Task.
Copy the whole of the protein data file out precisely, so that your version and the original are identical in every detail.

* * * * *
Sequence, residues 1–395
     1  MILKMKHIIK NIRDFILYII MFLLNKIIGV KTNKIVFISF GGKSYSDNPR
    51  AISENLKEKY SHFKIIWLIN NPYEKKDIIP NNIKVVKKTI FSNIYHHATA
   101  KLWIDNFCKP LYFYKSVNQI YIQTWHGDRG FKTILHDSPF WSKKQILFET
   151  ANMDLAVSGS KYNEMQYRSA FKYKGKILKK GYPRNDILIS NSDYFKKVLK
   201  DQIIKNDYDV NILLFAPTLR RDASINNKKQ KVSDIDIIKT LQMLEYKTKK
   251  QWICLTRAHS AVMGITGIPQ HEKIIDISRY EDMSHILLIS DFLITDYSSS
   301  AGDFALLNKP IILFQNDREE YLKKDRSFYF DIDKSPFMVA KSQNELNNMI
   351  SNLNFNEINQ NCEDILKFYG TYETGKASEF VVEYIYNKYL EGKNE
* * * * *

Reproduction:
Sequence, residues 1–395
     1  MILKMKHIIK NIRDFILYII MFLLNKIIGV KTNKIVFISF GGKSYSDNPR
    51  AISENLKEKY SHFKIIWLIN NPYEKKDIIP NNIKVVKKTI FSNIYHHATA
   101  KLWIDNFCKP LYFYKSVNQI YIQTWHGDRG FKTILHDSPF WSKKQILFET
   151  ANMDLAVSGS KYNEMQYRSA FKYKGKILKK GYPRNDILIS NSDYFKKVLK
   201  DQIIKNDYDV NILLFAPTLR RDASINNKKQ KVSDIDIIKT LQMLEYKTKK
   251  QWICLTRAHS AVMGITGIPQ HEKIIDISRY EDMSHILLIS DFLITDYSSS
   301  AGDFALLNKP IILFQNDREE YLKKDRSFYF DIDKSPFMVA KSQNELNNMI
   351  SNLNFNEINQ NCEDILKFYG TYETGKASEF VVEYIYNKYL EGKNE